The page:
However, in spite of a rise in occupancy levels and interest in Asia Pacific destinations, George hoped Chinese tourists would further boost a recovery in the region in the months ahead.

In its earnings call, Hilton noted that while China demand is expected to gradually recover throughout the year, it would remain volatile in the near term.

Hilton also anticipates strong leisure trends to continue, with meaningful acceleration in the return of business and group travel.

“We expect the momentum to accelerate even further once airline capacity picks up,” George said.

Labor Shortage in Asia

However, airline capacity is not the only problem plaguing tourism recovery. The Covid-19 pandemic has also exacerbated the labor shortage issue in Asia’s hospitality industry.

As businesses were forced to close down or reduce operations during the pandemic, job losses and workforce reduction were rampant. And now as recovery begins, some are struggling to find talent to fill open positions.

Hilton has been agile in restructuring and redeploying resources to better adapt to the changing circumstances, noted George.

“In overcoming these challenges, we have been shifting our strategies to realign flexible work expectations and allowing more flexibility to better integrate work and life,” he said.

In adjusting Hilton’s resourcing during the pandemic, George said the company took the opportunity to relook the deployment of technology — from back-end engines to the Hilton Honors app.

“We studied how we could automate some processes and improve efficiencies, which allowed team members to lend their skills to strategy or improve guest experiences through personal interactions,” he said.

Big in Japan

While Hilton waits for travel to return to its largest market in Asia — China — the hospitality company is also looking to expand outside major cities in Japan.

Hilton currently operates 23 hotels in Japan, with 11 in the pipeline by 2026 — four of which are scheduled to open this year.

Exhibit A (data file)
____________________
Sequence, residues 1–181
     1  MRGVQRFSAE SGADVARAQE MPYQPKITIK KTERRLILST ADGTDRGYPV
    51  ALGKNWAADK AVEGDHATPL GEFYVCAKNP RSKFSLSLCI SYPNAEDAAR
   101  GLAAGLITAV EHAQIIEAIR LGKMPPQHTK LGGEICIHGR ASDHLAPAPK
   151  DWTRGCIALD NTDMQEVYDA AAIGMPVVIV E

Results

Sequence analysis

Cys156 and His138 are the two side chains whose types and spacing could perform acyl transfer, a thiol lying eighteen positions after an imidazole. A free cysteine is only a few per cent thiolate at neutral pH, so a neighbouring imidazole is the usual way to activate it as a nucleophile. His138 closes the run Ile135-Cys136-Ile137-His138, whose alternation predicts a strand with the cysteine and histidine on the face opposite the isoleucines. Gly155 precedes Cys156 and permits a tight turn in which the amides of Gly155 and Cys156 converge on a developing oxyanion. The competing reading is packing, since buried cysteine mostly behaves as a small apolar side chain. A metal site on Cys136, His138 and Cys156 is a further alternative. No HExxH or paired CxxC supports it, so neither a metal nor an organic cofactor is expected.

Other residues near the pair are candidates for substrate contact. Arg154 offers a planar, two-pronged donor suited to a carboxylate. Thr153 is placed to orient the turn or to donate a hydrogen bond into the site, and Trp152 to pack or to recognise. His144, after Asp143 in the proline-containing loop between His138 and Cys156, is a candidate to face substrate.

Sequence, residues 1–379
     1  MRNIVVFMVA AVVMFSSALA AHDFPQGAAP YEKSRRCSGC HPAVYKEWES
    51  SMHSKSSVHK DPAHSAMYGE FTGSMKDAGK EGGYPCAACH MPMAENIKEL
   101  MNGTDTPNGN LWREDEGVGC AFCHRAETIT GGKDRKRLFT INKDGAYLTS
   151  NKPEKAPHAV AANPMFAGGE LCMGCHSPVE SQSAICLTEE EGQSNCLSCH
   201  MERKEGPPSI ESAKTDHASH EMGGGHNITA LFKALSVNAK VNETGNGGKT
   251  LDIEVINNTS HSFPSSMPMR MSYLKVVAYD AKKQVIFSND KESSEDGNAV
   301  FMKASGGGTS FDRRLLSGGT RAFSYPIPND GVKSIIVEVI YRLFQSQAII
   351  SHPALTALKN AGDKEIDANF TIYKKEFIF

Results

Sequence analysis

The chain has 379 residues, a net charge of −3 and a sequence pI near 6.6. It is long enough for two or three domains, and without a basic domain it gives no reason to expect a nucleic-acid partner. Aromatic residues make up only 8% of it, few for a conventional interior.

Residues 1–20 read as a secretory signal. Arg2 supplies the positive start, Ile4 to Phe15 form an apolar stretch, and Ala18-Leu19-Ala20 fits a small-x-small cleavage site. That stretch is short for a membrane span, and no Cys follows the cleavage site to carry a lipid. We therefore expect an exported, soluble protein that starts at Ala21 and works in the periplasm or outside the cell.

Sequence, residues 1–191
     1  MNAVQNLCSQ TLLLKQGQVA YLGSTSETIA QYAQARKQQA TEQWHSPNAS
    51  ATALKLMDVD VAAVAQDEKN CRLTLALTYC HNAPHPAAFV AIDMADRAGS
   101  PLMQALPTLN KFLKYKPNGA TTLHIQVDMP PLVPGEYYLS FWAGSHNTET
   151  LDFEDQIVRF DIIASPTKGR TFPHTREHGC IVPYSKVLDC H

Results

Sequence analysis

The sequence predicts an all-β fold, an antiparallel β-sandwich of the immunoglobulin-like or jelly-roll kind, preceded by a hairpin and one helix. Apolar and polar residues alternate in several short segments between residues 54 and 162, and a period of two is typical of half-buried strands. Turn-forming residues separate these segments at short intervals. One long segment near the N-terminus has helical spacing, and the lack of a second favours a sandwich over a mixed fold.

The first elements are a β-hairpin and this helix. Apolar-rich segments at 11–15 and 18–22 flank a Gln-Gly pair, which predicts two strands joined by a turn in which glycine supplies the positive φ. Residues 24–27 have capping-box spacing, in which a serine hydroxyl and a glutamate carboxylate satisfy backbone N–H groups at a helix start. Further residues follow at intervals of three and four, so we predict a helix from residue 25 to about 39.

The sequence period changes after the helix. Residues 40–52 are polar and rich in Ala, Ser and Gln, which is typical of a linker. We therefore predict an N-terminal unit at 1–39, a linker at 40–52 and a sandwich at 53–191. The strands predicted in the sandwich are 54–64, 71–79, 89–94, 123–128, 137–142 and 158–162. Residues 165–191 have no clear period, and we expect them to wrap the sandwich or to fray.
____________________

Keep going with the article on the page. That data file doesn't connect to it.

“We have earmarked Japan as a strategic market for Hilton. As travel recovers, we will continue to grow our portfolio to address gaps in key destinations with the right partners at the right time,” George said.

This expansion of Hilton in Japan is a marked change from its earlier approach that involved concentrating on opening hotels with diverse price points in popular areas such as Tokyo, Osaka and Okinawa.

Having recently announced the opening of Hilton Garden Inn Kyoto Shijo Karasuma in the heart of Kyoto, the hotel group is marking its first Hilton Garden Inn in Japan and its 600th property in Asia Pacific.

The group recently opened its first Hilton hotel in Japan’s Hokuriku region, DoubleTree by Hilton Toyama and also plans to launch a number of new properties this year, including Hilton Okinawa Miyako Island Resort, Hilton Yokohama and DoubleTree by Hilton Kyoto Higashiyama.

“In Japan, owners have shown strong appetites for our portfolio of brands, such as Hilton, DoubleTree by Hilton and Hilton Garden Inn,” George said.

Besides introducing more Hilton brands to the country to better serve diverse travel needs, the hotel group has also invested in commercial programs.

Hilton has launched its first official account with the messaging app Line in Japan, and has also partnered with American Express to launch the first co-branded card outside of the U.S. in Japan.

Recovery in Japan following the border reopening in October had also contributed to the hotel company’s strong performance in ownership, Hilton noted in its latest earnings call.

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Tags: asia monthly, asia pacific, china travel, coronavirus recovery, hilton, japan, luxury hotels, marriott, waldorf astoria

Photo credit: The facade of Conrad Singapore Orchard Hotel. Hilton Hotels